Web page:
AARP Eye Center
Alone but not lonely: That’s Pauline Sneath’s goal for her father, who is 92 and living by himself in Indiana. With Sneath’s mother in a memory care facility, the Columbus resident, 66, applies her past experience as a hospice nurse to help her dad stay socially connected.
She calls regularly and asks him who has visited and how his neighbors are doing. And she applies her strategies to herself, committing to a regular schedule of volunteering to make sure she sees valued friends, even in the depths of winter.
Many older Americans struggle with loneliness, with the coronavirus pandemic making it even harder for them to maintain meaningful relationships.
Some of the permanent changes brought about by the crisis, such as home delivery of daily necessities, may also have the unintended effect of increasing isolation.
AARP Wisconsin is helping lead a new coalition of government and social service agencies—the Coalition to End Social Isolation and Loneliness. The group will identify root causes of these conditions among older adults and people with disabilities and advocate for solutions.
Good friends, good health
One of the coalition’s goals is to help people understand how chronic loneliness can affect physical and cognitive health, says Sam Wilson, state director for AARP Wisconsin.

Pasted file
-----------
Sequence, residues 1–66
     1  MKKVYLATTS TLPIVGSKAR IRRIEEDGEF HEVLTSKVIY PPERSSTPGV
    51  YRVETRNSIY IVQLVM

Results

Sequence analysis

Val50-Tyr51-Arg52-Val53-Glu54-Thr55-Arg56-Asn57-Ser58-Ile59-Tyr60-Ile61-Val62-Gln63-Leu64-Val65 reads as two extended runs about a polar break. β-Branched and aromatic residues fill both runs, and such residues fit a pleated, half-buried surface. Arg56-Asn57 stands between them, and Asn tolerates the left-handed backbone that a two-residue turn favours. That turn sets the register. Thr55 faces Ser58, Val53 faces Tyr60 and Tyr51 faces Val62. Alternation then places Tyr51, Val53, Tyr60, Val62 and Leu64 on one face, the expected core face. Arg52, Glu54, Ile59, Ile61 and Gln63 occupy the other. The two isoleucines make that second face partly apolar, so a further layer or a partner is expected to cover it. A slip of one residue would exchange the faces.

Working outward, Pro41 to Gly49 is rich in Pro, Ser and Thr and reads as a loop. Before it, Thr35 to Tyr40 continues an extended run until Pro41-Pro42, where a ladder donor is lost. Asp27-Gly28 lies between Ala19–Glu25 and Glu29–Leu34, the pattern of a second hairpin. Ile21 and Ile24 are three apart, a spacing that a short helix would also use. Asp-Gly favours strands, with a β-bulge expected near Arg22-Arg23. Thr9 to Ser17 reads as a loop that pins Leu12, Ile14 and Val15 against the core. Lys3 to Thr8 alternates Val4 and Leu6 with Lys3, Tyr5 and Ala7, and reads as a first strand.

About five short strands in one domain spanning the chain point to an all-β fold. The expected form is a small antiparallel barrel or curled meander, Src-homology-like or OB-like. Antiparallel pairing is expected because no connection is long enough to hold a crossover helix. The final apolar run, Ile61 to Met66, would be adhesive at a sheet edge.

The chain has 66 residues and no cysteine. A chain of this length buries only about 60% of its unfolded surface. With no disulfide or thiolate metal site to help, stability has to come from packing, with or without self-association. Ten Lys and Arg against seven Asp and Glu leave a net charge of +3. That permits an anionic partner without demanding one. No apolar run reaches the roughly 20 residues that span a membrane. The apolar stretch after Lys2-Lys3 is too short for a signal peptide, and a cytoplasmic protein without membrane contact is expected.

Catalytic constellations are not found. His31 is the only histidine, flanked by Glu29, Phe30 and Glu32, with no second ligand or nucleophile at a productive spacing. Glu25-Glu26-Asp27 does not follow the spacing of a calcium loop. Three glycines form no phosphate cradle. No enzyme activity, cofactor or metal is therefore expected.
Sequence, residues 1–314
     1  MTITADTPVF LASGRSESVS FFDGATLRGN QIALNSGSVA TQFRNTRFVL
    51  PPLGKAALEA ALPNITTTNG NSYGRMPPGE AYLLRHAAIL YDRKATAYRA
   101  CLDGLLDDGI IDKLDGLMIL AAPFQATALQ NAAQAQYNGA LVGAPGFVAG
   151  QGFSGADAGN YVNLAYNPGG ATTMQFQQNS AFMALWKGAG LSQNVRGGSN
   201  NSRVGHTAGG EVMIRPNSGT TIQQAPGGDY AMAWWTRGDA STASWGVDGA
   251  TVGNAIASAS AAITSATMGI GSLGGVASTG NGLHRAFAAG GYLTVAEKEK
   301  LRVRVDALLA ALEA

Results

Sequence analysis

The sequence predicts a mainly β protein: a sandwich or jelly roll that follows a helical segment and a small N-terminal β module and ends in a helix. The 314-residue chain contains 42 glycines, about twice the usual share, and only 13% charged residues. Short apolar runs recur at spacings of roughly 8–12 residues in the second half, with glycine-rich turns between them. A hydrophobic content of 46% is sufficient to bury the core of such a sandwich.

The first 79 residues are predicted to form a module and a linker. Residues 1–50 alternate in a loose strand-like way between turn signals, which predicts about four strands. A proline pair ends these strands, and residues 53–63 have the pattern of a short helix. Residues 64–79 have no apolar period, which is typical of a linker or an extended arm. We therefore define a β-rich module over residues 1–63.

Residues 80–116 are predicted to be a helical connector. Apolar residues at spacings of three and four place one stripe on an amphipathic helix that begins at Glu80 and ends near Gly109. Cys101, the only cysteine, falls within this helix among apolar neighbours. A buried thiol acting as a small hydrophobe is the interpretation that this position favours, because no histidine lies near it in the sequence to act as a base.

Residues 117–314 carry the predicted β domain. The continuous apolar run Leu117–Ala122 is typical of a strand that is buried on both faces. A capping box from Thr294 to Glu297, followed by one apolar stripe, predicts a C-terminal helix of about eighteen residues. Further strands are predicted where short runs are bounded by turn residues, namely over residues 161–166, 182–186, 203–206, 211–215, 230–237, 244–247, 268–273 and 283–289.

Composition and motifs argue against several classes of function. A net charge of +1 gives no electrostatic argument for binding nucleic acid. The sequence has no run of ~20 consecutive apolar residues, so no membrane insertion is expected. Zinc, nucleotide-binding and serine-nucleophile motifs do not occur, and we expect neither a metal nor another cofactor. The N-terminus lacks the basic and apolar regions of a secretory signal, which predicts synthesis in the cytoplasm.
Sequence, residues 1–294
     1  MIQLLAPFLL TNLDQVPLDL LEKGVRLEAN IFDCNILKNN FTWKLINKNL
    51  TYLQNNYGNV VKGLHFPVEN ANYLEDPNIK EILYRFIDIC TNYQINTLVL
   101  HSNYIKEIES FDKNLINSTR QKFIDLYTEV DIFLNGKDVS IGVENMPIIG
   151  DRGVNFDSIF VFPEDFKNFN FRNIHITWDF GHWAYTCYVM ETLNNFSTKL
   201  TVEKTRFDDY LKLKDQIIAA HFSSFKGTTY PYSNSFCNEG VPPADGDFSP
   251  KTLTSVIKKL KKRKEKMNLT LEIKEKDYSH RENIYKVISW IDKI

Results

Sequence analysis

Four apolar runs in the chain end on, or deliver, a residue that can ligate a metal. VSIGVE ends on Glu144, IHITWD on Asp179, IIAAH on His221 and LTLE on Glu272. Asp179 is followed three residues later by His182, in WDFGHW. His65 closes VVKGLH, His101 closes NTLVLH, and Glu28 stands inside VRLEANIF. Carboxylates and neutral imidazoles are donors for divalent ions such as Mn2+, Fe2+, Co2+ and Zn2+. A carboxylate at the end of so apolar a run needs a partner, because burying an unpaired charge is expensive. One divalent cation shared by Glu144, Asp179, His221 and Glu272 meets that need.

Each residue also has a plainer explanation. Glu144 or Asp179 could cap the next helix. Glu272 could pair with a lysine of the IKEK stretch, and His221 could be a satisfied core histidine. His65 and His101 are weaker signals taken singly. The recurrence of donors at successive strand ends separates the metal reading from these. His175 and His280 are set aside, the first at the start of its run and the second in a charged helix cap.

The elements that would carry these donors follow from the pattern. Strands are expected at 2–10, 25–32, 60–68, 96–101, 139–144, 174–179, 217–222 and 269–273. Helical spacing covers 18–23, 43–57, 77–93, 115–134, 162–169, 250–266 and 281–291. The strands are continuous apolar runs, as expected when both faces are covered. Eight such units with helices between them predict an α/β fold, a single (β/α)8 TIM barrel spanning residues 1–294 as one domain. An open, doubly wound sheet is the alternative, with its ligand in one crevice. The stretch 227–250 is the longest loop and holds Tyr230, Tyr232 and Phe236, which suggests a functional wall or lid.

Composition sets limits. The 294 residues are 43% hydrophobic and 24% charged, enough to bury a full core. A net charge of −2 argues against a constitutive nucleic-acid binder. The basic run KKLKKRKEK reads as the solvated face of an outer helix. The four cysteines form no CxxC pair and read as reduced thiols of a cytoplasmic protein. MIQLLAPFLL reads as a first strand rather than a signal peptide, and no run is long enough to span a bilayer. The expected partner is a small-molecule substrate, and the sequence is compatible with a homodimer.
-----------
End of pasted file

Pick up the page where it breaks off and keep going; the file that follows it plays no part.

It’s easy to mistake busyness for genuine connection, and activity for friendship, says Wilson. Loneliness stems less from the amount of social interaction and more from the “quality and depth of interaction,” he says.
People who are bereaved often fall into a tailspin. Those with disabilities might mistakenly trade independence for meaningful time with others. The very definition of loneliness differs by ethnic tradition and community, which is why AARP is exploring ways to design programs to suit Black, Latino, Asian, Native American and LGBTQ communities, and others.
In a 2020 study, University of Wisconsin-Madison researchers found that community outreach to older adults, even those with limited access to or capacity to use technology, was beneficial. Having an appointment to look forward to and socializing online appeared to be key factors in preventing deep loneliness from intensifying.
Miriam Oliensis-Torres, 68, a Milwaukee resident who has spent her career as a social worker specializing in geriatric issues, says that loneliness can result in a cascade of deterioration in physical health and cognitive ability.
“If people are alone, nobody knows if they’re taking their medication correctly or not,” she says. “People tend to be more sedentary when they are alone, so they become more prone to falls. They may not be eating well.”
Family and friends can detect escalating loneliness by continuing conversations about daily habits well beyond superficial greetings, says Oliensis-Torres.
“Don’t just ask someone how they’re doing,” she says. “Ask about what they had for breakfast. Look for changes since the last time you saw them in person. People should be talking with someone at least once a day.”
“All those little interactions help you maintain social skills,” says Sneath. “Mental, physical and financial wellness are all connected to social wellness.”
Joanne Cleaver is a writer living in Charlotte, North Carolina.
For More on Caregiving